Friday, 01 October 2021
The Flemish municipalities surrounding Brussels will officially have different requirements for using the Covid Safe Ticket (CST) to the Capital Region, leaving some areas a stone’s throw from requiring the pass or not.
Despite early indications that Flanders was looking to expand the CST for specific sectors and situations deemed “useful and necessary,” the final decision will limit its use in the region to major events and nightclubs, contrary to the wider use planned in Brussels.
“The vaccination rate is high in Flanders. It is also rising in the outskirts of Brussels,” Flemish Minister for Home Affairs Bart Somers tweeted on Friday. “The Flemish Government therefore decided today not to introduce the CST in some Flemish cities and municipalities. No pass society needed.”
With the CST, people can prove that they are fully vaccinated, have recently tested negative or recovered from an infection in the past six months.
While the rules are relatively clear in the Flemish region, this divide leaves the areas beyond the Brussels outer ring with different rules to the areas inside, effectively meaning that crossing the road could be the difference between having to show the CST when getting a drink or not.
This will be the case in areas such as Vilvoorde, Waterloo and Dilbeek, which directly border the Capital Region and had previously even asked the government to be allowed to use the CST if the scheme was implemented in Brussels. Officials of these adjacent towns hoped that this would prevent those who are unvaccinated and untested from crossing the border for a drink, potentially bringing the virus with them.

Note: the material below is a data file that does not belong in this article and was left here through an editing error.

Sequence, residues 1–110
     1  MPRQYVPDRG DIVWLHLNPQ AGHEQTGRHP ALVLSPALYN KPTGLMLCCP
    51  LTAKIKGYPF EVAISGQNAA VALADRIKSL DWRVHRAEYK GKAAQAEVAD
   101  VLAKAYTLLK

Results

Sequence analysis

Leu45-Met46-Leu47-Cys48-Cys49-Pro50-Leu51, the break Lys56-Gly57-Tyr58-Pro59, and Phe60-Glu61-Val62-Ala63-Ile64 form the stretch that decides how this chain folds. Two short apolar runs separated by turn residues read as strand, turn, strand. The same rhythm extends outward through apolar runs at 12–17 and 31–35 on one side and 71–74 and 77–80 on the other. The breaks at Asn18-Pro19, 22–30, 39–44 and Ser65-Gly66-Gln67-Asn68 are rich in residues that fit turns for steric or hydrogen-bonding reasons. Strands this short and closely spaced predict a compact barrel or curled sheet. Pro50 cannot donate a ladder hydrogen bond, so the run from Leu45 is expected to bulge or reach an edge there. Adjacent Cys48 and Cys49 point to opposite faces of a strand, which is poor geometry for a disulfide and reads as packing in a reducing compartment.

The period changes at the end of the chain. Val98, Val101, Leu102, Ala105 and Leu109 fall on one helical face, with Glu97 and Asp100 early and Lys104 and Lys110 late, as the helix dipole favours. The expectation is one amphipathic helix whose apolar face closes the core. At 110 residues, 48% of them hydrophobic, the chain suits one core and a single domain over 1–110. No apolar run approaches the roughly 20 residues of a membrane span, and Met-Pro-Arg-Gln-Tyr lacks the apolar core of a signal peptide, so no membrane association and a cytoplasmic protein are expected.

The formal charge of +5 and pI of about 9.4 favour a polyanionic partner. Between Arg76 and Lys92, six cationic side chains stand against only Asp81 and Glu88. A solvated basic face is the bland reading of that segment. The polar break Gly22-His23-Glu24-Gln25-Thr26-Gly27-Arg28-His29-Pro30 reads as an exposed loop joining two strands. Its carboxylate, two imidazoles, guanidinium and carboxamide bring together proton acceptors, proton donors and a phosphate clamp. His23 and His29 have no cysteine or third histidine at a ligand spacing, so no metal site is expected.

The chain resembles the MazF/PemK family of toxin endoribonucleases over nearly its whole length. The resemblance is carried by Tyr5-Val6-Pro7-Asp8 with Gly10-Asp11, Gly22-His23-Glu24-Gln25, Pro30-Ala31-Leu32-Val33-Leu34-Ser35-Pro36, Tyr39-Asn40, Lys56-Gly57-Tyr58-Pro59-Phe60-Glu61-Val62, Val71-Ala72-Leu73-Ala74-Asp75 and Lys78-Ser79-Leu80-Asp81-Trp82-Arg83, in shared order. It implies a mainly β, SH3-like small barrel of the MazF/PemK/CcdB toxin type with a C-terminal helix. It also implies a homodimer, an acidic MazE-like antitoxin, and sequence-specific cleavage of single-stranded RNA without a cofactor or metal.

While currently delayed until 15 October at the latest, Brussels will require people to show a valid CST to gain access to bars, nightclubs, events and residential care centres. It will also be necessary for sports halls and fitness centres.
The Walloon Government also decided to expand the use of the CST from mid-October, in the same way as Brussels.
During a meeting on Friday afternoon, the Flemish government also decided to not make the CST mandatory for healthcare institutions, but they do have the choice to introduce it voluntarily.
This means that residential care centres, hospitals and facilities for people with a disability can decide for themselves whether they require from their visitors. If they do, they will receive guidance from the government.
Update: This story was updated following the announcement that the CST will not become mandatory in Flemish healthcare institutions.
Jules Johnston & Maïthé Chini
The Brussels Times